The episodic approach with the "monster of the week" theme adds to the fun, but each episode still manages to tie together a pretty complicated arc where Edwin, Charles, and Crystal either find themselves almost literally (Crystal), actively suppress the past and fight hard not to be a product of a horrible cycle (Charles), or learn a significant aspect of their identity and then determine how best to move forward with that revelation (Edwin). And then tie all that up with a colorful, messy, and stunning ribbon of found family, friendship, and a bond that straddles platonic and romantic yet goes far beyond either. 

I really can't say more without spoiling anything (though a touch of spoilers still finds its way into this post, so be warned), but that paragraph above pretty much skims the surface of what I love the most about the storytelling. There's so much more beyond that, of course, and that's the reason why I want to rewatch everything. Even the penultimate moment involving Charles and Edwin fleeing Hell can be parsed in so many ways (all good, btw) so that a handful of minutes in that one scene reveals way, way more about each character than what's obviously on the surface.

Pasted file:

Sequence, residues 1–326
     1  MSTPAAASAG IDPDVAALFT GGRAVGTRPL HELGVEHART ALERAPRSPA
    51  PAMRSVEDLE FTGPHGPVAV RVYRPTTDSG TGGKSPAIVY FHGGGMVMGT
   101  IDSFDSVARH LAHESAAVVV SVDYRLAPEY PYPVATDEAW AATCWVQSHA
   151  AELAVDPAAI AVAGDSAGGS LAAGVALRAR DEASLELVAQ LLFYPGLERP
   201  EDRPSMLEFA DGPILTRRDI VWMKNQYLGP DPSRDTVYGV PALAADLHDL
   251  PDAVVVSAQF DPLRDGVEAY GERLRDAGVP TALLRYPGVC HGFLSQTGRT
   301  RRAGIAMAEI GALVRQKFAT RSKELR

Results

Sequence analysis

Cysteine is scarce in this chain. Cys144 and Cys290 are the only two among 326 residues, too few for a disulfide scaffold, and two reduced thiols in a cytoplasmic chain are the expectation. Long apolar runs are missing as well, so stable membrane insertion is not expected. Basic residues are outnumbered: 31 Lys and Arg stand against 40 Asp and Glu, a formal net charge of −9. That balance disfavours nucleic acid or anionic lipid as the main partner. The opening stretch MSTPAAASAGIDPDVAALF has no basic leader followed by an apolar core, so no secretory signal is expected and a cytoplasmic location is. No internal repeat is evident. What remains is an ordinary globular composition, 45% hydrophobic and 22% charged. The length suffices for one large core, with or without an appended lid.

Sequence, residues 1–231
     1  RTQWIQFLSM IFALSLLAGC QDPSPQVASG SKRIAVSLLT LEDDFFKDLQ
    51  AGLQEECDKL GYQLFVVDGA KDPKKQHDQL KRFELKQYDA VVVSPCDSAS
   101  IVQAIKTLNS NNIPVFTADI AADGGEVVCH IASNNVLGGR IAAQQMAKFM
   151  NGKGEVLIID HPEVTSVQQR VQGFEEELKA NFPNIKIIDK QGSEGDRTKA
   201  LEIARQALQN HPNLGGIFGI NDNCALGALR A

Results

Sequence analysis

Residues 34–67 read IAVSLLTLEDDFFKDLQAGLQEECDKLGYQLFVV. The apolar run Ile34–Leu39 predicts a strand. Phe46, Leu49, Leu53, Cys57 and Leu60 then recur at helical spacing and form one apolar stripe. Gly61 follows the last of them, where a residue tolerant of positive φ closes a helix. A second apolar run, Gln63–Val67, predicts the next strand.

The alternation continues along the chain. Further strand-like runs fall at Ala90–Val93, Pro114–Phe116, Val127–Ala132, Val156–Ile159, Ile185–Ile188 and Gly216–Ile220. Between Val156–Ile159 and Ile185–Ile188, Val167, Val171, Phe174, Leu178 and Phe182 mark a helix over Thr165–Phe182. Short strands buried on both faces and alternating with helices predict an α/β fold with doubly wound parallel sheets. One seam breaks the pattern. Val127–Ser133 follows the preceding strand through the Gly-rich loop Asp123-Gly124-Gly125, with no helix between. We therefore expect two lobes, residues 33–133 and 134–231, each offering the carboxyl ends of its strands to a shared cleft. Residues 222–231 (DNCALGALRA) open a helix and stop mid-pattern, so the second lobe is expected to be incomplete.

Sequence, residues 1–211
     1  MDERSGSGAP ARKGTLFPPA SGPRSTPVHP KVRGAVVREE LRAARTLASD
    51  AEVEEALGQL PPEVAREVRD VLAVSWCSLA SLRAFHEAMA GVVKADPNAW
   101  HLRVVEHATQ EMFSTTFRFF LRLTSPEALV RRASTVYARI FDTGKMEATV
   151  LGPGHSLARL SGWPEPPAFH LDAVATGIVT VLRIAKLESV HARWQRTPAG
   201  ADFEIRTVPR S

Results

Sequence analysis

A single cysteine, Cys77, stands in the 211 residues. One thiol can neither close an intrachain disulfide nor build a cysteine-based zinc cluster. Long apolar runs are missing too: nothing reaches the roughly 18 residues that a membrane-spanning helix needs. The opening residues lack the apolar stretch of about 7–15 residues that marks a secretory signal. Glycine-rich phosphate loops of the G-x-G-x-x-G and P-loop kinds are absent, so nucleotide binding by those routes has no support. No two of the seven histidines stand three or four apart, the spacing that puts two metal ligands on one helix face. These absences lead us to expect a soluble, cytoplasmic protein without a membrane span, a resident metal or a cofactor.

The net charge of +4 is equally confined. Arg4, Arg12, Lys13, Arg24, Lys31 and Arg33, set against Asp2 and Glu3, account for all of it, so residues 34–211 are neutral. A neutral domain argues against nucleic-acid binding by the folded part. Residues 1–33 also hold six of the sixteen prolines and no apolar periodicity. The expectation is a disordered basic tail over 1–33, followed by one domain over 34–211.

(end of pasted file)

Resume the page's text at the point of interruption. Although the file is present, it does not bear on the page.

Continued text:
The cast (main and secondary) chew up the scenery, and you can tell they were having so much fun filming the series. Even the main antagonists (save for David) are hard to hate without enjoying their moments on-screen (see: Esther). Minor antagonists? Even more so (see: the dandelion sprites). 

The characters are aged up, though, and it's extremely difficult thinking of any of them as teenagers, less so sixteen-year-olds. And I think this should've been tweaked somewhat in some of the dialogue, especially with the Night Nurse, who keeps referring to Edwin and Charles as children. It's jarring, mentally, to hear her say that -- no, they're not children, and at the minimum, I'd see them as eighteen-year-olds. Early twenties? Yes. Definitely. Sixteen-year-olds? Children? Nope.

The series ends in a way that can be picked up easily should a second season happen, and while some fans are tearing their hair out over the possibility of cancellation, I've run across references outside social media about the showrunners being in talks for a second season. I hope it happens. There's a major loose thread by way of Niko's arc, and there's also a fresh start for Edwin and Charles (with Crystal and Jenny plus the Night Nurse) that promises future adventures. 

As for a final spoiler, here goes...